It’s been 6 years.

Nearly 6 years ago I collapsed at work with a high fever (41 cels) and paralyzed on the right side, which was to cause me to be hospitalized for 52 days. I was later diagnosed with Viral Encephalitis. The journey of recovery has been a long one. The virus ravaged my health, strength, vitality and in many ways my faith. 

I actually had forgotten the anniversary of it till now.. which happened on the 17th October 2007. I was outside reflecting on an encounter with a friend who was talking to me about an significant experience we both had shared and I listened with some uneasiness about the story he shared with me. The story was a good one and by all accounts should have been something I remembered well as it happened only 7 years ago. But, alas, the memory just was not there. 

One of the effects of the virus was that it gave me partial amnesia. There are parts of my memory which have simply disappeared. They no longer exist for me. There are things I have done both on a individual and communal basis – conversations and experiences with family and friends. Some of the memories involve happy and fun times, while others involve things of a serious nature…take for instance the time I asked my in laws when they had refurbished their kitchen which looked new – to be told it was 3 years before and I had been there when they did it… to the other extreme where I asked a friend how his sisters child was doing – only to be informed the child had drowned many years before hand.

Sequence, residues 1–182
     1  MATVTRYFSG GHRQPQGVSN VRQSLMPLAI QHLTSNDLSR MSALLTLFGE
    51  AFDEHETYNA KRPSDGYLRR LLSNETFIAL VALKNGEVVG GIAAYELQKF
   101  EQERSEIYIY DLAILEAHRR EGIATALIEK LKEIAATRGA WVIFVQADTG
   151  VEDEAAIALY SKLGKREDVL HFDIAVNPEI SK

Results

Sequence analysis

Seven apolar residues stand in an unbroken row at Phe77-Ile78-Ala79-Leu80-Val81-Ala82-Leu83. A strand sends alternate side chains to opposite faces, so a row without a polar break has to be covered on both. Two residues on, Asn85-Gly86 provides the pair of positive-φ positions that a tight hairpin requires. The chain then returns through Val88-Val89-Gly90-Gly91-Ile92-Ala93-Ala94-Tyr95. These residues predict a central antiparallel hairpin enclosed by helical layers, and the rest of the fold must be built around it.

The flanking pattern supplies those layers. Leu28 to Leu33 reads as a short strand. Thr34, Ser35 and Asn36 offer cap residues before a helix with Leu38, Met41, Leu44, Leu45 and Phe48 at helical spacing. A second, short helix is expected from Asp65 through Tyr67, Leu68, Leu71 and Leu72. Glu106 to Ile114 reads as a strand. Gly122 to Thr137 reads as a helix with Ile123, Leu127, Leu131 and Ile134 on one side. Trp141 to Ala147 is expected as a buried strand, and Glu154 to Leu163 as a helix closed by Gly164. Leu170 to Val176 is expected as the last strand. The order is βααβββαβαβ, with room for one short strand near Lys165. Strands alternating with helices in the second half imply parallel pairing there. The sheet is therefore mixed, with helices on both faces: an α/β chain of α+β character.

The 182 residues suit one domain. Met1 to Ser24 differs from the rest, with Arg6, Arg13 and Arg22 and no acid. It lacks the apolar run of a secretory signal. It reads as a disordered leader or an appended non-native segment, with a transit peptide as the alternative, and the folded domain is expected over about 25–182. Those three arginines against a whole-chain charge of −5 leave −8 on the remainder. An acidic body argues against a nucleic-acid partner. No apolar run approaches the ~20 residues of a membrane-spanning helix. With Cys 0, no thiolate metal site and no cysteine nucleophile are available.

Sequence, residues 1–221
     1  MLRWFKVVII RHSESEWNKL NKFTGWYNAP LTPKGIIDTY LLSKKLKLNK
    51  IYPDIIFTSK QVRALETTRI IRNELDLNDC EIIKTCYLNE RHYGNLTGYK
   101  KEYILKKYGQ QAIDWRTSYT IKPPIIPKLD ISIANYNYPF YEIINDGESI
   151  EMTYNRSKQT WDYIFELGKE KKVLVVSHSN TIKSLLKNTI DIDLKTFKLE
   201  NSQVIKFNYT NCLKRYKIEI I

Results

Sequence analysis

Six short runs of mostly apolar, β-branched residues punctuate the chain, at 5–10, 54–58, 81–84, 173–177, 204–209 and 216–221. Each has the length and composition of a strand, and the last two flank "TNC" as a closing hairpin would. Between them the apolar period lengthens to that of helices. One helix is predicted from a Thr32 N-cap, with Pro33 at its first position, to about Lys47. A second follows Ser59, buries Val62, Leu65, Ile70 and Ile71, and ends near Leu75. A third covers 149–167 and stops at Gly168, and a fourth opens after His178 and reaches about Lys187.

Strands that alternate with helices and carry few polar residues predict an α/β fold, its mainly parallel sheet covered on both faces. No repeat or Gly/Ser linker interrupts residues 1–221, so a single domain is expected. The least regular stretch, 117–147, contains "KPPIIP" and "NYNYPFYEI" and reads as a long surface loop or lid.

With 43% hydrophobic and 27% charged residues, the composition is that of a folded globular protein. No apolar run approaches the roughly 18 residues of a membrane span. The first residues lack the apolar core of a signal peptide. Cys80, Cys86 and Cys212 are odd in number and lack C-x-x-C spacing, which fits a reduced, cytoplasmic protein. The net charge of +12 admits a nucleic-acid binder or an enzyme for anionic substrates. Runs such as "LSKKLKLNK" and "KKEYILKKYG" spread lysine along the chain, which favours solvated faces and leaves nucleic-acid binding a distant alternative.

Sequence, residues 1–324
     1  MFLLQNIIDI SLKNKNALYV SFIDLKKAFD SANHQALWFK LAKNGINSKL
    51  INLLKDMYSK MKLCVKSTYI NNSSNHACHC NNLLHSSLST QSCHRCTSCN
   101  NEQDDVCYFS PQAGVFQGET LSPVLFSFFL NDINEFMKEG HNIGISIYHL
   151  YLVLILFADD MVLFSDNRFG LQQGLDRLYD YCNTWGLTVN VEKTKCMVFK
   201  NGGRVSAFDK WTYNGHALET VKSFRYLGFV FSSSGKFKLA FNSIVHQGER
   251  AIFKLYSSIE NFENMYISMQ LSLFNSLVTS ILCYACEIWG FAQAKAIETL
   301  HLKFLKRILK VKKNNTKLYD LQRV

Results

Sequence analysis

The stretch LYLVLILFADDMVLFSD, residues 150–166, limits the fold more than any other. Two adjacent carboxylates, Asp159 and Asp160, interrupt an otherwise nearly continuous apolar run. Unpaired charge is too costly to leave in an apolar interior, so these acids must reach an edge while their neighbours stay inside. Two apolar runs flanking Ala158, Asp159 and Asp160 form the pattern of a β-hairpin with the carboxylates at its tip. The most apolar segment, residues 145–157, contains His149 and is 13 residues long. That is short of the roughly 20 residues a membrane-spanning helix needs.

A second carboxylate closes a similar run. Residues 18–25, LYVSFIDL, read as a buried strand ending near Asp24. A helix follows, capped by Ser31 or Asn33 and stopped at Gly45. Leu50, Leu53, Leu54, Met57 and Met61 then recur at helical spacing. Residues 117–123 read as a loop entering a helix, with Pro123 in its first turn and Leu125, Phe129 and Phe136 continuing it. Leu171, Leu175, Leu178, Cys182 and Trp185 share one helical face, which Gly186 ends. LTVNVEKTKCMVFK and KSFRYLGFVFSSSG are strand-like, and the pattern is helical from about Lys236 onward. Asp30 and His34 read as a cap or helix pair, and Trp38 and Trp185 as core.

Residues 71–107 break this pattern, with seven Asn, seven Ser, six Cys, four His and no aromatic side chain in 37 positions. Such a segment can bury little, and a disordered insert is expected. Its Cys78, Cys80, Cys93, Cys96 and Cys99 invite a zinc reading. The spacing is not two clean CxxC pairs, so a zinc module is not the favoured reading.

This caused me to fear asking questions for I was never sure if I would embarrass my self or not. Then I made it into a game of self discovery of lets find out what it is I once knew, but have forgotten I knew. But the problem with relearning things about myself in the process is that the memory is always gone.. factual information replaces the experimental memory of that experience. In a nut shell, there is a huge part of self that has just gone away and its truly a weird experience. 6 years later I am either finding that this occurrence of self discovery is happening less and less or I don’t notice it as much. But there are times when it comes out of the blue; like it did with my mate the other day, and it actually rocked me for 6…excuse the pun. 

The other area of memory which I was knocked about in was my short term memory. I don’t remember phone numbers very well and even now, I can’t tell you my home number without looking it up on my phone and nor do I handle lists, names, facts and figures very well. 

6 years ago I was fit, strong and healthy. I was able to carry a new born calf on my shoulders some distance or physically work 10 – 12 hours a day. Today my balance is not that great – though I no longer have to use a walking stick to walk with. I have a fair amount of mobility, but my core strength is no longer there. I tire easy and perhaps even tend towards being more depressive then I once was. 

However, I rejoice also that while my faith has been knocked about and shattered and is no longer what it used to be- I have in its place found that my faith in God through Christ, in the power of the Spirit has strengthed, deepened, widened and in many ways has less pat black and white answers with more room for grey then ever before. 


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About Craig Benno

I'm an average aussie guy who has lived perhaps a not so average life.
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23 Responses to It’s been 6 years.

  1. David McKay says:

    Thanks for sharing your story, Craig.

  2. Tiribulus says:

    Craig my heart aches for the things you’ve been through man. Truly it does and I would not ever want to be perceived as being insensitive or making like of that , but this…

    “However, I rejoice also that while my faith has been knocked about and shattered and is no longer what it used to be- I have in its place found that my faith in God through Christ, in the power of the Spirit has strengthened, deepened, widened and in many ways has less pat black and white answers with more room for grey then ever before. “